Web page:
“The only way new restrictions will truly work is if we do it on a regional approach,” said McCoy at the time.

Fluman agreed that the mask advisories should be regional. “For me,” he said, “it’s about citizenship … wearing a mask is a good thing to do as an American citizen.”

The advisories then and now are not a mandate and have no enforcement mechanism.

“It’s just an advisory,” Rozak told The Enterprise Monday when asked if there were any penalties for not masking indoors.

The Enterprise also asked Rozak what the latest numbers were for wastewater surveillance in Albany County since COVID levels in wastewater can predict what is to come in infection rates.

Wastewater samples collected and analyzed on April 4 in Albany County showed a 32-percent spike in COVID-19 intensity over a two-week period, the county reported earlier this month. Rozak said, though, that the state runs the surveillance program and the county doesn’t have those numbers; she said she’d put in a request.

Rozak also noted that wastewater samples are taken from the Albany County Water Purification District’s South Plant, which serves just a portion of the city, and may not apply to Albany County as a whole.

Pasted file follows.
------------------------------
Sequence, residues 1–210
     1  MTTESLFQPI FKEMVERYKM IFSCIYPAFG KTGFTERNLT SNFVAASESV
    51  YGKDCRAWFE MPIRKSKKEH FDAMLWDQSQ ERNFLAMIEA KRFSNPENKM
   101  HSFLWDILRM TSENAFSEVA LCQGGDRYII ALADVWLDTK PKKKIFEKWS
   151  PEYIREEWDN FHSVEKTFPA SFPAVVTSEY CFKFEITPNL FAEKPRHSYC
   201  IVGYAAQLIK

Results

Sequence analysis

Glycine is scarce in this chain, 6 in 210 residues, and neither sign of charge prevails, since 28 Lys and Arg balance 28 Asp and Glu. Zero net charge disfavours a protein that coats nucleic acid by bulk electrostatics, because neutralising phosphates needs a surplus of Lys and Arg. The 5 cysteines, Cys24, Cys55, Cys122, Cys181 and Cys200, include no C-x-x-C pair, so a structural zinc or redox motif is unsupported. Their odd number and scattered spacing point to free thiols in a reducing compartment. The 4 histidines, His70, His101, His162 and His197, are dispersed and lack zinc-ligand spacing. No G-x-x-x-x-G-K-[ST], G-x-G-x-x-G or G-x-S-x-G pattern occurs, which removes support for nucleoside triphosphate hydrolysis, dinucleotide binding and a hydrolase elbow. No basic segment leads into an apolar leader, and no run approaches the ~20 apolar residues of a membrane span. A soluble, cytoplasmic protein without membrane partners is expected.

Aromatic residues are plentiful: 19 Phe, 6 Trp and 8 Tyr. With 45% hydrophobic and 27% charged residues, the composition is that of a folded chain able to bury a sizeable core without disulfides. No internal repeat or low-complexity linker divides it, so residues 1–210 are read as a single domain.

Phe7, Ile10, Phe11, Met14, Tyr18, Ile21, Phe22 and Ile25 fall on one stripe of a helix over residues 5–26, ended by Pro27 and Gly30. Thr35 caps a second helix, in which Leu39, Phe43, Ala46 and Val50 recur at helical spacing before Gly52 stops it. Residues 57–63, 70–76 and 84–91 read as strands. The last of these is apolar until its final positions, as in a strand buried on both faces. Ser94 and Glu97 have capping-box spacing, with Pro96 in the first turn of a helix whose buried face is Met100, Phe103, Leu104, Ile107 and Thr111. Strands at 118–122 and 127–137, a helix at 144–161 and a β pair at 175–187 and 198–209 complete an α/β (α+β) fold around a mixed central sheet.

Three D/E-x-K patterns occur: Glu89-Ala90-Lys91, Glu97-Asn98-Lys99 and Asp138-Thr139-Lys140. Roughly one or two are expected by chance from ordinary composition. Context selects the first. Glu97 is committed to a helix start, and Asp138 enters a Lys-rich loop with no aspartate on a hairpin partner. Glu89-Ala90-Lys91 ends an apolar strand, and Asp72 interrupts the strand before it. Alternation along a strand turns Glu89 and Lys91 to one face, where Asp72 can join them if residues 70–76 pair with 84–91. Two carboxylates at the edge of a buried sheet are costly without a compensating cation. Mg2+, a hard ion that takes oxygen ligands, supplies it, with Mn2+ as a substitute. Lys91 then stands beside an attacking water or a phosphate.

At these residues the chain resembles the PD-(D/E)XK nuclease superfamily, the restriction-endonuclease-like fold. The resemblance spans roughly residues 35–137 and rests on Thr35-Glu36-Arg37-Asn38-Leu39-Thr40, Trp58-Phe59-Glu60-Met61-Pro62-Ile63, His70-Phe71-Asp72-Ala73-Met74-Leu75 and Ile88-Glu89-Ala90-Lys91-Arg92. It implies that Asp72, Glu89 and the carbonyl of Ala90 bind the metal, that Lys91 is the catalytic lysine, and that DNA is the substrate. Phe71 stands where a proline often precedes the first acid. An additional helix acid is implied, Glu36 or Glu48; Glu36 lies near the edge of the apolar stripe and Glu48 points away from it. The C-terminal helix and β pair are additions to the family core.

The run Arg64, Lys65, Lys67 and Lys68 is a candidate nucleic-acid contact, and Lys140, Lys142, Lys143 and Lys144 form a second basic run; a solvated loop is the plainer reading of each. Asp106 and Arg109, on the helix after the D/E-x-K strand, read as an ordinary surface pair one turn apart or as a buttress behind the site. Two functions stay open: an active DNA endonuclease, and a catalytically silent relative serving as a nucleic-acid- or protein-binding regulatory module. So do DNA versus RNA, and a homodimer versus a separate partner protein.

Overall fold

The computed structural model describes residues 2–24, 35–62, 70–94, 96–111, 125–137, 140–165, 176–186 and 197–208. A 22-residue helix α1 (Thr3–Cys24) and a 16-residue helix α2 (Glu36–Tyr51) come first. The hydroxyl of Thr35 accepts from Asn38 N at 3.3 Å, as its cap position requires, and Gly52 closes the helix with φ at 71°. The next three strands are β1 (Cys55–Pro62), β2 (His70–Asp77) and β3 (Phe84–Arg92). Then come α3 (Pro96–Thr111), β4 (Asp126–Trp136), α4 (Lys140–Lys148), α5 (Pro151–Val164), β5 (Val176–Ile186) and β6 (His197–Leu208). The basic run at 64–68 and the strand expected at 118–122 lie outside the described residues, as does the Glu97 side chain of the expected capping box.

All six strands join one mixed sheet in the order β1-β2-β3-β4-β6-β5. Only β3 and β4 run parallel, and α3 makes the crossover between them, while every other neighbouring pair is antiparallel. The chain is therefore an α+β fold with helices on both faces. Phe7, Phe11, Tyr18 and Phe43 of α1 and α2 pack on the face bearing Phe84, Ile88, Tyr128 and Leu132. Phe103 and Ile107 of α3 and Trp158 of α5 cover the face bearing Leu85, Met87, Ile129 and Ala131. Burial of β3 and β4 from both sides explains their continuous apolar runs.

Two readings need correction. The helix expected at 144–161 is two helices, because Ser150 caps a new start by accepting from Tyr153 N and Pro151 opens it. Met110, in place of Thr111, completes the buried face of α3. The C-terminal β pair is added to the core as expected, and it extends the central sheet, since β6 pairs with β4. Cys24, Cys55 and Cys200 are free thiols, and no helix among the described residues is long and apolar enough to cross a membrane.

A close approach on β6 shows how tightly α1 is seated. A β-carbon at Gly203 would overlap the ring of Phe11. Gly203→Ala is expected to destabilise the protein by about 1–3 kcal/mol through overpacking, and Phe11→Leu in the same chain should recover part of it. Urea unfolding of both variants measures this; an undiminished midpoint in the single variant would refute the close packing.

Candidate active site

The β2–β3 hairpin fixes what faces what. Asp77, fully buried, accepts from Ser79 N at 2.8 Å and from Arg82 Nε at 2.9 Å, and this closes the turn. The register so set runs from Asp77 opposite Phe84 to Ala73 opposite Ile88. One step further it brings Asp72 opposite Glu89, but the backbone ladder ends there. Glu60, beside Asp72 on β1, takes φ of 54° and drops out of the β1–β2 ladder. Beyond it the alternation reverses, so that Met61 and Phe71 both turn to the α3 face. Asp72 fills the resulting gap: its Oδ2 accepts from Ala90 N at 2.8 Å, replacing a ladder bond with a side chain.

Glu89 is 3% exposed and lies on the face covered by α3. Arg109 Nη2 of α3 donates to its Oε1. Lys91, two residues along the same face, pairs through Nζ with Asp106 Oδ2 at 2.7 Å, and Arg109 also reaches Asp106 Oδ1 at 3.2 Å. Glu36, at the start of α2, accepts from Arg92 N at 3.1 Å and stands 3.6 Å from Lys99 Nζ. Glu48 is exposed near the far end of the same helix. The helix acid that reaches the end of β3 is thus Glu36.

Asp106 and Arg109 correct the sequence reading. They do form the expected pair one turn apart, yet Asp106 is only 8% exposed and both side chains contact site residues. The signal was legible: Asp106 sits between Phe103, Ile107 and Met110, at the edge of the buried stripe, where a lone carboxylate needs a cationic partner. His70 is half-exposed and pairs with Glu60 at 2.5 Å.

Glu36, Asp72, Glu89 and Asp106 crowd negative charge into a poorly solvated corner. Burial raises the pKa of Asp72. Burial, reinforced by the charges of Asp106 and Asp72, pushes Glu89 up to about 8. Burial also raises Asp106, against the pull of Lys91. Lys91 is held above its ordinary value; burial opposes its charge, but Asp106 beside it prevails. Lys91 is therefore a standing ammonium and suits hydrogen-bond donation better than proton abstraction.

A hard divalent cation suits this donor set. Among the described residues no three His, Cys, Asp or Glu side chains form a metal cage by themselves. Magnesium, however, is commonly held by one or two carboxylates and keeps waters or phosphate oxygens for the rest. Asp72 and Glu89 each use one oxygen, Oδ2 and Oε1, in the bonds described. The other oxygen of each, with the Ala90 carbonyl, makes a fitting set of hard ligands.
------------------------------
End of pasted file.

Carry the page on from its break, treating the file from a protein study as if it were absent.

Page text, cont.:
The state site has colored the map of the area of Albany County served by the South Plant red for “high.” It says the plant serves an estimated population of 80,922. (Albany County’s population is over 300,000.)

The site also says the last sample was from April 18 and there was “0 percent decrease in intensity over two weeks.”


Hospital visits

Starting today, April 25, St. Peter’s and Samaritan hospitals began new protocols for visitors.

Patients can have one unique visitor a day during visiting hours, from 9 a.m. to 8 p.m. every day.

COVID patients undergoing continuous aerosol-generating procedures are permitted one unique visitor per day for one hour.

All visitors will be asked to show ID and be screened for temperature. Each will be given a medical-grade face mask and are expected to wear it at all times.

“Visitors are strongly encouraged to be vaccinated,” the guidance from St. Peter’s Health Partners says in boldface.

“During this unprecedented time, it has been necessary to balance the benefits of visitation to our hospitalized patients with the potential risks of COVID-19 spread,” the policy says.

“Visitors who are at high risk for severe illness from COVID-19, such as older adults and those with underlying medical conditions,” the policy says, “are strongly discouraged from visiting at this time.

“Likewise, a planned visit to any patient who is at a higher risk of acquiring and suffering significant consequences from COVID-19 should be considered a greater risk than benefit to that patient.”

More accommodating rules are in place for the emergency department, for labor and delivery, for end-of-life hospice care, and for special-needs patients.